4. Dead Like Me. There’s still no official reason as to why it ended – very hushed as to whether it was actually cancelled or just never restarted. The quality of the second season was dreadful – dialogue, character, plot – nothing hung together like the first season, so that once you got to the final episode, you were left with so many more questions than answers. You couldn’t even call it a cliffhanger because the plot progression was so dire – but they still could have, at the very least, wrapped up a couple of loose threads! Apparently there was a tv-movie that followed, but I haven’t seen it and don’t have much wish to based on the botch job they did with season two. Sad really, it had so much potential.

    One show I sensed the death of was Dexter, roughly around season 3. I loved the first season, the second was alright, and the third was a bit of a struggle with some highlights. I gave up a few episodes into four. I don’t understand how it managed to get to number eight, but by the sounds of it being titled “the worst season finale in the history of tv”, I don’t feel bad for bailing when I did. I had someone explain to me what happen in the last four seasons, and we concluded my bailing was a good thing. Grimm’s another – season four’s “finale” made me so angry, I still can’t bring myself to face five, and I’d be really surprised if it lasts anymore than seven/eight.

    • See how many shows are forever in your mind associated with disappointment? It’s so sad that we can love these shows with all our heart and then completely hate how they ended because they didn’t properly end.

  5. I totally agree. One of my favorite shows is Futurama, and they had three (or four?) series finales total, because they kept getting cancelled and then rebooted. Total madness!! They did an okay job with the earlier endings — though it definitely wasn’t the show’s strongest writing. TV shows can be such a pain like that sometimes.

    Thanks for sharing 🙂

    • Well at least the show had a few more chances for proper endings, even if they did waste them. But it sucks that you, as a fan, had to go through that.
      Thanks for commenting!

  6. Right on! I totally agree with you. Whether it’s a “Sliders” cliffhanger that never got resolved or a “Quantum Leap” final title card that got abruptly tacked on, show finales can leave us with lingering disappointments for years.

    Networks are getting a bit better about it. Someone mentioned “Angel,” and while I understand their frustration (everything certainly wasn’t wrapped up), the producers were at least told a month in advance of filming their final episode. So the writers stacked the heroes against seemingly insurmountable odds, then had the main hero smile, swing his ax and say, “Let’s get to work.” Blackout.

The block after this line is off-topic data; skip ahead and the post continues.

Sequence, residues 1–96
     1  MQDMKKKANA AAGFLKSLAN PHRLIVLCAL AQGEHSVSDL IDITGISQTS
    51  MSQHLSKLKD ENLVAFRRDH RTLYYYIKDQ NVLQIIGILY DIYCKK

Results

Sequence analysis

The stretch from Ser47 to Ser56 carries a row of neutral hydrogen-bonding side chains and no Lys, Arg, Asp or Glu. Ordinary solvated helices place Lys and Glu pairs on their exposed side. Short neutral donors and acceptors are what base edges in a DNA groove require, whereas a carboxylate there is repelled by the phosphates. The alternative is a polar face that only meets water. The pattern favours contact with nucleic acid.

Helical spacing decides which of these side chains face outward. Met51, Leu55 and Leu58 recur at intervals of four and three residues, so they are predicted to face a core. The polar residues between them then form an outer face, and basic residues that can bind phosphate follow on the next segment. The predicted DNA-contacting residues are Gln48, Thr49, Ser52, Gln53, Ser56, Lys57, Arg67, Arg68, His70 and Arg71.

That to me is a hopeful, optimistic ending, and one that underscores the show’s theme that no matter how bleak things get, the heroes keep fighting. I can understand someone else not liking it, but that’s a pretty satisfying ending to me.

    Someone mentioned the (excellent) idea of Netflix funding finales. To me, that’s sort of what happened with “Full House.” I had already stopped watching the show when it went off the air, but I know it ended on two of the worst sitcom cliches possible: one of the characters gets amnesia, and the other characters help them remember via a flashback episode. Ugh!

    When I saw the first episode of “Fuller House,” I felt like it finally gave the characters a proper ending. I watched the rest of the season, but it didn’t seem as worthwhile and important as that first episode. If Netflix had produced just that (and by extension, proper final episodes for other series), I think I’d be happy.

    Sorry for rambling so much. 🙂 Thanks for the great post!

    • I’ve never seen Full House, or it’s Netflix sequel, but even in that case, it sucks that fans had to wait like a decade for closure, and even then, it’s not the same as not all of the cast returned. Fans shouldn’t have to cross their fingers that they’ll get closure in a decade.
      I’m glad you liked the post and agree with me though!

    • You’re very lucky!
      I hated Seinfeld’s ending, wasn’t thrilled with How I Met Your Mother’s, and was also a bit disappointed with Prison Break’s ending, though it is coming back next month.

      • I saw How I Met Your Mother! Yeah that was not a great finale, but I thought in a way it’s worse b/c they had time to plan out how they wanted to end the show, as opposed to shows that are abruptly cancelled